The BOOYAH Poppin' Pad Crasher frog bait was created for those times and conditions that require additional surface disturbance. That's when the unique action of the Poppin' Pad Crasher truly shine. It's terrific for fishing the slop, similar to the Pad Crasher, but with a cupped mouth, it doubles as a popper/chugger in open water.
The Booyah™ Toadrunner frog bait is an unorthodox soft frog that is built to stir things up with its lifelike molded body, short fiber legs that never stop thrashing, and clear jointed tail section that rotates 360° and sends out a wild plopping sound that calls bass in from a distance. Stabilizing side rails provide perfect balance as the Toadrunner moves across the surface, and a molded-in wire allows you to tweak the tail angle for different sound and swim as needed. Its weedless design includes a Trokar® double hook for positive sets.
When is the Best Time to Fish a Frog Bait?
The whole purpose of frog lures is to provide a realistic food source that is designed to fish heavy mat, pads and thick vegetation in water. With that being said, the best time to fish with a topwater frog lure is when fishing in these types of thick areas where a normal lure is virtually impossible to fish with.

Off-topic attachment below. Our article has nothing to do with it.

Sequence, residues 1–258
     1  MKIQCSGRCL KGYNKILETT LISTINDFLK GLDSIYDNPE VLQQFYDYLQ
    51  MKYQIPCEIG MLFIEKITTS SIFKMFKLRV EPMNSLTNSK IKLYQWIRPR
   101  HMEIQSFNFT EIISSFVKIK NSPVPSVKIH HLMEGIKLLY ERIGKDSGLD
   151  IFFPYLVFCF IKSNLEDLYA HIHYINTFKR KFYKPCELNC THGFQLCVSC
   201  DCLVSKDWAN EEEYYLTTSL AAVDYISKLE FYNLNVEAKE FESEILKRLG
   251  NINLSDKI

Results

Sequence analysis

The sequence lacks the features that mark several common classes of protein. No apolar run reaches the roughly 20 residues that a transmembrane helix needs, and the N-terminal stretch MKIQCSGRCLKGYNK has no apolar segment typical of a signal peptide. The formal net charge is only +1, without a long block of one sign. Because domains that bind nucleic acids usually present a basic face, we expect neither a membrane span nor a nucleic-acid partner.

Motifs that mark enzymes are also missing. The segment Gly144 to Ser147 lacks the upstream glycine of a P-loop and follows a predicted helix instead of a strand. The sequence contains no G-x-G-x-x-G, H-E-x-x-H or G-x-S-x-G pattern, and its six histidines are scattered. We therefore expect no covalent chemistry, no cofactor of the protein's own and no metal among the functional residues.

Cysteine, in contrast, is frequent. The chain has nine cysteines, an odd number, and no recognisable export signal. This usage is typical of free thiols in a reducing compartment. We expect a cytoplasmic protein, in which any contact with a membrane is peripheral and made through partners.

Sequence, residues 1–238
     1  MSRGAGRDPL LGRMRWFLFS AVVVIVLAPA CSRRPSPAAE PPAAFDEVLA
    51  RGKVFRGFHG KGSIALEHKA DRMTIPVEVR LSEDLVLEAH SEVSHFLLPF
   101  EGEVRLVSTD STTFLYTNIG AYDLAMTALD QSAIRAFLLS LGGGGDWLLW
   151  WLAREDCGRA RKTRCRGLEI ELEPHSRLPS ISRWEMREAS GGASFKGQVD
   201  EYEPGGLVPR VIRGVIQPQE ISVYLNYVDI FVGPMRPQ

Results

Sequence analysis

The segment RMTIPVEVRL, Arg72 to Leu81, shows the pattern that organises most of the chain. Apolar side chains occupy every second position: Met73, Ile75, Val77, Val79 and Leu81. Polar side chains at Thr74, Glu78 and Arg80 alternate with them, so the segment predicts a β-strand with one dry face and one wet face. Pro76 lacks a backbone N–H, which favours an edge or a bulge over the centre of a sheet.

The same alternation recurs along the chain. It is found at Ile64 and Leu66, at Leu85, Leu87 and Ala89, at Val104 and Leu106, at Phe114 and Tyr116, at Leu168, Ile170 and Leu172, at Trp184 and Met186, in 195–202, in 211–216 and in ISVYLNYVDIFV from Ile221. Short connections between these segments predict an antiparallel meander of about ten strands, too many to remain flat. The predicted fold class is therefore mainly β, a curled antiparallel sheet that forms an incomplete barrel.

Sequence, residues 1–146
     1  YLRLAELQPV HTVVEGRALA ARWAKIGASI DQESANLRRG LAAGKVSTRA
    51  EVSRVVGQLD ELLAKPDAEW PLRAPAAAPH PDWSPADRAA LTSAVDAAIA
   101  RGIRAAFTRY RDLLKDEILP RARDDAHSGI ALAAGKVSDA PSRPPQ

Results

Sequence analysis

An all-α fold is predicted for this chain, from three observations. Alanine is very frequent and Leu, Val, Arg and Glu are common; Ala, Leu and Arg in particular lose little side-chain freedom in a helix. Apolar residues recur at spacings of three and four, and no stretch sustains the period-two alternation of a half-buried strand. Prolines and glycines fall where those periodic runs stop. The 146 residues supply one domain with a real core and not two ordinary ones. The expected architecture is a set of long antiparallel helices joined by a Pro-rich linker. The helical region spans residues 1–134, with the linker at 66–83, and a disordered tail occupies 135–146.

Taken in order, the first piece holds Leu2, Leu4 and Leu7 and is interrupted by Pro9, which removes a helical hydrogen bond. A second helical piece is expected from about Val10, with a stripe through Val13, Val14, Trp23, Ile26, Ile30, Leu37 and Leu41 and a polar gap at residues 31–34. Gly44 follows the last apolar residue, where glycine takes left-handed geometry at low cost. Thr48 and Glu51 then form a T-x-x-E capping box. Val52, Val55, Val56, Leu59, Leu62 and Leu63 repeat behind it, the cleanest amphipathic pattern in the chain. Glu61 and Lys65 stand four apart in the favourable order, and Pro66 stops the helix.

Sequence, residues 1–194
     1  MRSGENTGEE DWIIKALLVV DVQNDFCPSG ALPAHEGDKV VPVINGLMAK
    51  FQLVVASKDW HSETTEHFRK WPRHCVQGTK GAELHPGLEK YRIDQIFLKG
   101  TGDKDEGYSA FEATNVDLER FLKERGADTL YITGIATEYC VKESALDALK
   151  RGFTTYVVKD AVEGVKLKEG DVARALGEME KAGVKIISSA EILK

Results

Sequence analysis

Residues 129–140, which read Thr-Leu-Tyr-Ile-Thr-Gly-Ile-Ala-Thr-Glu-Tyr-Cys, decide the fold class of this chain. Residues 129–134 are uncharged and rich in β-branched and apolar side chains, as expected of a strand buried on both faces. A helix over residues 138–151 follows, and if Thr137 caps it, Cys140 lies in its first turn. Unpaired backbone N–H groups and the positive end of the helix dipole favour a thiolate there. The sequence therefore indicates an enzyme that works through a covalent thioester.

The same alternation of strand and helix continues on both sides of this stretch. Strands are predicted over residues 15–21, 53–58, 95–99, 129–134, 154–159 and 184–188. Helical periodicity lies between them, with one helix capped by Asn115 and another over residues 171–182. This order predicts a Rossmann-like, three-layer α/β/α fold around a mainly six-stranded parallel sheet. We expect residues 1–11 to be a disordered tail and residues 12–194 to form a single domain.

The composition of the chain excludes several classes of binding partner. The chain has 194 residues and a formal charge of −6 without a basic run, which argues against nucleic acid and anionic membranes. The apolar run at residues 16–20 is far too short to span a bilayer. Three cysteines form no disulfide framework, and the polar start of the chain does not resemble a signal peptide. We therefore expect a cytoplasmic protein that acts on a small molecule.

As for the time of day that it is best to fish a frog bait, there is an old saying that goes “most living creatures get hungry in the mornings and evenings”. This statement speaks for itself, both morning and evening are excellent times to find hungry fish, however another great time to fish a frog is when it is hot throughout the day and the sun is shining. This is due to the fact that fish like to find a cool shady spot in the water when the sun is bearing down. Look for heavy vegetation or a spot where there is a bunch of lily pads on the top of the water that creates a perfect shady place for fish to stay cool.